## Log File Analysis with Bayesian Content Filters

My thesis research relates to using off-the-shelf Bayesian Spam filters to filter syslog and application log files. Just as a spam filter can be trained with spam and ham messages then used to filter other messages, this same filter can be trained with "outage-related" and "non-outage-related" log entries, then used to filter other log entries. With a minimum of manipulation, these filters proved to be quite effective, even showing 4 previous outages of which I was previously unaware. The greatest challenge lay in finding multiple similar outages with their associated log entries. I was lucky enough to find two such sets. The Spring set were known to be related; the Fall set were not known to be related (and indeed were not).

Here are the graphs used for the thesis, both of my ICADIWT papers (conference paper and published paper) as well as my NOMS short paper. Cutting down my 100+ pages of text and 40 images to 8 pages of text and 5 images was painful, but cutting that down to the 4 page NOMS paper was even more painful. With that said, the shorter versions are much easier to read, though they are lacking the following graphs which make the point most clearly. This is the full set of graphs, showing the effectiveness of SpamAssassin, SpamBayes and Bogofilter for log file outage-correlation.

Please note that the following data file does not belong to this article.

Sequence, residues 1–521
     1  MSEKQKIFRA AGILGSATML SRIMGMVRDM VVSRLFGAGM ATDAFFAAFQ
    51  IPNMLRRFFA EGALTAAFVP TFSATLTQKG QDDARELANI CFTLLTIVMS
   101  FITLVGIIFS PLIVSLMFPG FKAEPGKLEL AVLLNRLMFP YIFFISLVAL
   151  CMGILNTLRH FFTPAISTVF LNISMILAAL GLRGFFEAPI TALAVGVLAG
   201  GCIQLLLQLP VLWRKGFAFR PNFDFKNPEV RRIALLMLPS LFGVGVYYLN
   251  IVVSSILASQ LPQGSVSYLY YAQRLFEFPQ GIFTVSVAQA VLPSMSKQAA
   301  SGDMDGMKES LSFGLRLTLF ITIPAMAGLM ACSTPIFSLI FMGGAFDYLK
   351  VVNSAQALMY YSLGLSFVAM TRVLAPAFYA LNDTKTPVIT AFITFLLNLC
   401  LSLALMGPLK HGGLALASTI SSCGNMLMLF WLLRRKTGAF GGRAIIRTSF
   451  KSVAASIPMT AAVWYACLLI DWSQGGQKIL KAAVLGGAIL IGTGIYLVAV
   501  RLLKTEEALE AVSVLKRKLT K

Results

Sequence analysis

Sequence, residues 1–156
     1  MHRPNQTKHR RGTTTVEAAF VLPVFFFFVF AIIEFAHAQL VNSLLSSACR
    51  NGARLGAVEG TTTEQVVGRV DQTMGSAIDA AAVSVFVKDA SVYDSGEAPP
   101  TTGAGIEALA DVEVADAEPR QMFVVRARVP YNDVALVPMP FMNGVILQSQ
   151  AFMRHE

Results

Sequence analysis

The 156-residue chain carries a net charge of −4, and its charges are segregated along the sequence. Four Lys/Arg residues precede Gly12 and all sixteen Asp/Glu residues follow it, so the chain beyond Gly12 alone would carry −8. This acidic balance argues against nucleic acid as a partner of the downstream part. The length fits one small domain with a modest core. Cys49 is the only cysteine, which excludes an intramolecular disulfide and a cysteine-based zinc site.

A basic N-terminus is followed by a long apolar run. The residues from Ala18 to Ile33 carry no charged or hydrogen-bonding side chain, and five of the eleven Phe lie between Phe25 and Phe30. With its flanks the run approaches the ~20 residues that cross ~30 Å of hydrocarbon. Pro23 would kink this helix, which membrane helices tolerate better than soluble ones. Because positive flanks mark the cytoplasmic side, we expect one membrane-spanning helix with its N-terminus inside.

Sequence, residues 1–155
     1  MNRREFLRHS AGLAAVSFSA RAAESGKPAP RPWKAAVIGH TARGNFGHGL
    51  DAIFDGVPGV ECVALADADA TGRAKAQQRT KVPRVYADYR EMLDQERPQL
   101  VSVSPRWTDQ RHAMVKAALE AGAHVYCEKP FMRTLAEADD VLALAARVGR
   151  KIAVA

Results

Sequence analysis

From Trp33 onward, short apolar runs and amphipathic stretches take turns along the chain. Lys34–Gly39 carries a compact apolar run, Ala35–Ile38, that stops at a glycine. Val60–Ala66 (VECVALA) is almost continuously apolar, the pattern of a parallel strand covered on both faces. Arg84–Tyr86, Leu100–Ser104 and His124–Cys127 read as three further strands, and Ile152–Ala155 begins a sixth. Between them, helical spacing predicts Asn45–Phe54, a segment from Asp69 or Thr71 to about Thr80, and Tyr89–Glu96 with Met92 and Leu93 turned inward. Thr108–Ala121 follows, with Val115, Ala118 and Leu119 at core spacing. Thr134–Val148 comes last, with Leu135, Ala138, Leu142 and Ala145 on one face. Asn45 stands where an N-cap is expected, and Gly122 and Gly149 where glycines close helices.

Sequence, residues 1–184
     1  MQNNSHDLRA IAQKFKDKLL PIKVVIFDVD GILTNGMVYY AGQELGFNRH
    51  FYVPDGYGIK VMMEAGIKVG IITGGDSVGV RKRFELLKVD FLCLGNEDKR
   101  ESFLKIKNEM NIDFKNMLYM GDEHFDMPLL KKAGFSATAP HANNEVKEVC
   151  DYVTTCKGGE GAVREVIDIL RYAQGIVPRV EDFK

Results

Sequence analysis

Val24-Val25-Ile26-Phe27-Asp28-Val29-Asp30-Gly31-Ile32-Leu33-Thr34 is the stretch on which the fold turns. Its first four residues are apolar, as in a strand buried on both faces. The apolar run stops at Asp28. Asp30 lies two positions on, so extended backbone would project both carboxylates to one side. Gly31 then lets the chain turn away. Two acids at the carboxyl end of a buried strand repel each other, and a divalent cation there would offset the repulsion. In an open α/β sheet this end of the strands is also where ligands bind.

The first two graphs are simulated "perfectly effective" and "perfectly ineffective" filter score sets. The vertical lines in the graphs represent approximate times of of outages (the thesis explains why these are approximate). Note in the Spring images that the filter scores for outage records form vertical dot patterns in the graphs. I have circled them to make them more plain to see in the printed documents.

Here are the graphs used for the thesis, both of my ICADIWT papers (conference paper and published paper) as well as my NOMS short paper. Cutting down my 100+ pages of text and 40 images to 8 pages of text and 5 images was painful, but cutting that down to the 4 page NOMS paper was even more painful. With that said, the shorter versions are much easier to read, though they are lacking the following graphs which make the point most clearly. This is the full set of graphs, showing the effectiveness of SpamAssassin, SpamBayes and Bogofilter for log file outage-correlation.

The first two graphs are simulated "perfectly effective" and "perfectly ineffective" filter score sets. The vertical lines in the graphs represent approximate times of of outages (the thesis explains why these are approximate). Note in the Spring images that the filter scores for outage records form vertical dot patterns in the graphs. I have circled them to make them more plain to see in the printed documents.